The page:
Tuesday, 29 January 2013

Taberneros, the father of all spanish gastrotaverns

All new concepts start up with someone wanting to do things differently. In the food&beverage world it is very important to give birth to fresh ideas to keep the industry developing, because we are not talking about a product we aquire once every decade, like a car, but about a product we consume almost daily. How many days can you force yourself not to visit your favorite café or a new pub, you have seen on your way back from work? In many other things in life, I can control myself. Not in this case.
Taberneros was in the old days a spanish tavern, also called "tasca". My description for a "tasca" would be a local bar, where you can get some small portions of food, between dirty and casual. In comparison to a bar, here we normaly get offered wine, instead of beer, Coca-Cola or coffee.
At Taberneros they wanted to have a great selection of wines and serve great quality of food. And so they did. The refurbished the restaurant, keeping the initial brick walls, painting all furniture in a sparkling red and instaling their wine cellar behind a glass wall at the back of the restaurant for everyone to see.
Nowadays they offer a great selection of catalan wines and you can trust their recommendations about some unusual spanish wines. They know what they are talking about.
The food is tasty made with localy sourced products. Nice foie terrine on fig bread, daily sourced fish dishes, slowly braised meet and a great cheese platter.
Although Spain is an important wine producer, it is not that easy to find in Madrid nice wine bars.
Well, this is my recommendation.

Thursday, 23 August 2012

Mercado de la Reina: Tapas Bar, Restaurant and Gin-Bar

This is one of the maginificent facts of living in a metropolis: life never stops. Although the situation of spanish social and economic system is not at its best, now in 2012, cities like Madrid keep in constant change.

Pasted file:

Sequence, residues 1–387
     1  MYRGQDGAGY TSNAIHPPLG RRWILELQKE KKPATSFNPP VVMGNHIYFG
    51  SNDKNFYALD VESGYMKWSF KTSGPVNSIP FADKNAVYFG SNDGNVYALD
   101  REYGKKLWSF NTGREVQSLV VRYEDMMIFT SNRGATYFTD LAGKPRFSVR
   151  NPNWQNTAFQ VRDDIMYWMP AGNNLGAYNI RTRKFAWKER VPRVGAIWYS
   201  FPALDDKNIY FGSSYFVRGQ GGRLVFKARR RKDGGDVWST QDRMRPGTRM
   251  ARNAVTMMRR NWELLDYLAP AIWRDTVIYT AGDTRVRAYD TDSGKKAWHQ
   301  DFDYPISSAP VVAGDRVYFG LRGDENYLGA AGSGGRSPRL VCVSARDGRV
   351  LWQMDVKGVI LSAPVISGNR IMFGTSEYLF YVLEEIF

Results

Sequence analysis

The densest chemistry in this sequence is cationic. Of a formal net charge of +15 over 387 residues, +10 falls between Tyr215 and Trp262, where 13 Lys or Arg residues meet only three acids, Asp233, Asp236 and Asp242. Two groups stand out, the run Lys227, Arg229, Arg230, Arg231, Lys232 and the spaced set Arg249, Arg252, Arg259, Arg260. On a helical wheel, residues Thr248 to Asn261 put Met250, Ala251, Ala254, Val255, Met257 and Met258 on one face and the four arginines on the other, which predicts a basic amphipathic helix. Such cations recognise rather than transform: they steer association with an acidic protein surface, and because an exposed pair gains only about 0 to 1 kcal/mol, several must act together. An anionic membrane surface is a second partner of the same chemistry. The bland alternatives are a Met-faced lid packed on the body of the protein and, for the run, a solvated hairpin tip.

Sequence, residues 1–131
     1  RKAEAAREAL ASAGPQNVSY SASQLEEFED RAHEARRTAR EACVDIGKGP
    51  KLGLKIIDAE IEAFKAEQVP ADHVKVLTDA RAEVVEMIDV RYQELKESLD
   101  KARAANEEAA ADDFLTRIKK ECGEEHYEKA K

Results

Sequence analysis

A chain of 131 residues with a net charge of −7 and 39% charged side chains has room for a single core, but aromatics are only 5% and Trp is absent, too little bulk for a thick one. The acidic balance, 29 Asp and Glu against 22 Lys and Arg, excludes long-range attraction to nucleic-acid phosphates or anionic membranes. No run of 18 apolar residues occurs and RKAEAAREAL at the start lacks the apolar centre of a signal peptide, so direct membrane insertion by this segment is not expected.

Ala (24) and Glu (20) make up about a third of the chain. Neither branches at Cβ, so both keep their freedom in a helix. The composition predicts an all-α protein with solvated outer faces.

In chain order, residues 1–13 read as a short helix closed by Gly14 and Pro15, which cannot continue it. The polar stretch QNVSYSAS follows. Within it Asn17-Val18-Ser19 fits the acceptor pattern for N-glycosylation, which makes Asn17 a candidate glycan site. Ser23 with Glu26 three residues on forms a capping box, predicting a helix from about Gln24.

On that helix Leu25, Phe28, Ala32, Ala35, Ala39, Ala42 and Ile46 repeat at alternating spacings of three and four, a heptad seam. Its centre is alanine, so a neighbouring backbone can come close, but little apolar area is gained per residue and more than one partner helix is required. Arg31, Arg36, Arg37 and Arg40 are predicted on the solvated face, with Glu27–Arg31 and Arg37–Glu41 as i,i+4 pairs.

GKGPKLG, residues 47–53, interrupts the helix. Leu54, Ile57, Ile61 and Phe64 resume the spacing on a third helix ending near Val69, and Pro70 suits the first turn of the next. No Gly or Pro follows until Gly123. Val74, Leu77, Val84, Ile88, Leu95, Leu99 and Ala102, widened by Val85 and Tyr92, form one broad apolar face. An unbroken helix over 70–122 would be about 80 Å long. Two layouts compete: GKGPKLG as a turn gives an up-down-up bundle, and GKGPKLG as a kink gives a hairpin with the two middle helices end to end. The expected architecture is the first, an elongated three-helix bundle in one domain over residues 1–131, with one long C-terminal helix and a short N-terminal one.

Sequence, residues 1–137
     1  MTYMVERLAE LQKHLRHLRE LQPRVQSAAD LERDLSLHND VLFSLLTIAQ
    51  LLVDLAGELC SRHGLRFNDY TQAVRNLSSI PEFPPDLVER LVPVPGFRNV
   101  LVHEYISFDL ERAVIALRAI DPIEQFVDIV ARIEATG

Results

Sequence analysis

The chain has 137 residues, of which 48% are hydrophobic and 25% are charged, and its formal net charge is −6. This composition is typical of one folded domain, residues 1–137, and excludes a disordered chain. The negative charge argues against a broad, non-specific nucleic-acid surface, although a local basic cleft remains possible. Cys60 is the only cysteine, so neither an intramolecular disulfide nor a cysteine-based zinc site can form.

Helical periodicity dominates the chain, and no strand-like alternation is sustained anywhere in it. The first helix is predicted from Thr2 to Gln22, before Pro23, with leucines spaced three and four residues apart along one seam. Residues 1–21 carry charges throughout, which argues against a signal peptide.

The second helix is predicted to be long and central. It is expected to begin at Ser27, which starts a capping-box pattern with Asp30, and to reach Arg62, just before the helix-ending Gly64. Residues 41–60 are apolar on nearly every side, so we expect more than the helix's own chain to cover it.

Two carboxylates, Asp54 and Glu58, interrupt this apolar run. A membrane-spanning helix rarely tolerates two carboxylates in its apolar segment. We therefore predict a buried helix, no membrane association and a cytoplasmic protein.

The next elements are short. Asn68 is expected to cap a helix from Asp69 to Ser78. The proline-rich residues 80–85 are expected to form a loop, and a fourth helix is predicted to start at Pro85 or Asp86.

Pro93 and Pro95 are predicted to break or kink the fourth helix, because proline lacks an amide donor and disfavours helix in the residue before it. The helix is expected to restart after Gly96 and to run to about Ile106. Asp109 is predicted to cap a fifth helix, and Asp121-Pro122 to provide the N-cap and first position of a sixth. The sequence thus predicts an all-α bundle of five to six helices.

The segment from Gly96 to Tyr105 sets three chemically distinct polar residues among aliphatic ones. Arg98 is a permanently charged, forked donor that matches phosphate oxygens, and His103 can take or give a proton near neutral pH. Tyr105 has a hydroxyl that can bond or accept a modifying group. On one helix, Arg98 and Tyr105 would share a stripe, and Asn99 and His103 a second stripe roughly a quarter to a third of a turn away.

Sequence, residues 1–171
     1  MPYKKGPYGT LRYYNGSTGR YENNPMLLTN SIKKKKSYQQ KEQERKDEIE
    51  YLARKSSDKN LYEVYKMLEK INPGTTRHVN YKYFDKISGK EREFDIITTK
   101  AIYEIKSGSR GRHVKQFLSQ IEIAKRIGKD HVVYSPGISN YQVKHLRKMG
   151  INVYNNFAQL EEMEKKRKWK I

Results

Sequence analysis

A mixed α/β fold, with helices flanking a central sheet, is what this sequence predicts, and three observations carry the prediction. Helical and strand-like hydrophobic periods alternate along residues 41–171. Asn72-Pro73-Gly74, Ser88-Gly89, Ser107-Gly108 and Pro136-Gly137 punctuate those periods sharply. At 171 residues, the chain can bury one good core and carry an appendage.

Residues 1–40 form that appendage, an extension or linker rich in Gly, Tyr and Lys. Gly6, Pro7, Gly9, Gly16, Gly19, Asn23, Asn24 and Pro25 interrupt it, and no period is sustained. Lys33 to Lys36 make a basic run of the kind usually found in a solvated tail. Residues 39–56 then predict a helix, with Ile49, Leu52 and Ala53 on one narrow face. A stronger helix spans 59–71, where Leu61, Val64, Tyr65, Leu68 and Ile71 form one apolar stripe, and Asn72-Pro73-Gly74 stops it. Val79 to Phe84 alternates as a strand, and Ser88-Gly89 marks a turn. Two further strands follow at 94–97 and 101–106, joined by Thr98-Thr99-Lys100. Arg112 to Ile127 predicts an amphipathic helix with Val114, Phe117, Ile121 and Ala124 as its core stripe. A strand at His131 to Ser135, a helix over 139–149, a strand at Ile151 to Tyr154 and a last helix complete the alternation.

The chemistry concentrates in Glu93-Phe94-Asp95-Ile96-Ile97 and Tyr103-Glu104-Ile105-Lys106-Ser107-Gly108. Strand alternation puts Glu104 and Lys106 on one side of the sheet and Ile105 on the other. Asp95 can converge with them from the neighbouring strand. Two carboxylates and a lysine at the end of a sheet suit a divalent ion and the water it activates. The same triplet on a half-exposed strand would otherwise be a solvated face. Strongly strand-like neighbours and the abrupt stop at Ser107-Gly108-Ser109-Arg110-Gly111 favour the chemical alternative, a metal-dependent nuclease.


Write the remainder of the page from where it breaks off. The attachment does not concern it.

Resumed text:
It is true that some bars and restaurants have closed down, due to the severe recession, but the good ones stay and there is always space for new ideas and creative projects. It is also true that consumption has decreased because of a general lower income, but there is luckily still enough to spend a few Euros on a full bodied Utiel-Requena red wine or on a juicy hake stake.To keep Madrileños at home for longer than 48 hours is an impossible duty.
El Mercado de la Reina is one of those places that has gotten better and better since it opened. The restaurant is located in the very center of Madrid, at Gran Via 12 , where some years ago no reasonable food could be found. "The queen's market" is devided into 3 different spaces: The Tapas Bar, the main Restaurant and the Gin Bar.

The glass door wellcomes you to the Tapas Bar, which consists of several high tables and a long marble bar, equiped with show windows to see the selection of tapas offered: different types of spanish "tortilla de patatas" ( potato omelete ) , deep fried baby shrimp and calamary, russian salad, "croquetas de jamón ibérico" ( deep fried breaded bechamel with ibérico ham ) ,...
When it comes to preparing tapas, the most important issue is the freshness of the products, more than creativity. The tuna must be oily, the braised pepper must shine,  the bread has to look crunchy and the parsley must have an intense clear green colour. To start, order a Cruzcampo, the southern beer, which is served ice-cold. You can also chose a glass of wine from a concise wine list, with references from all around Spain.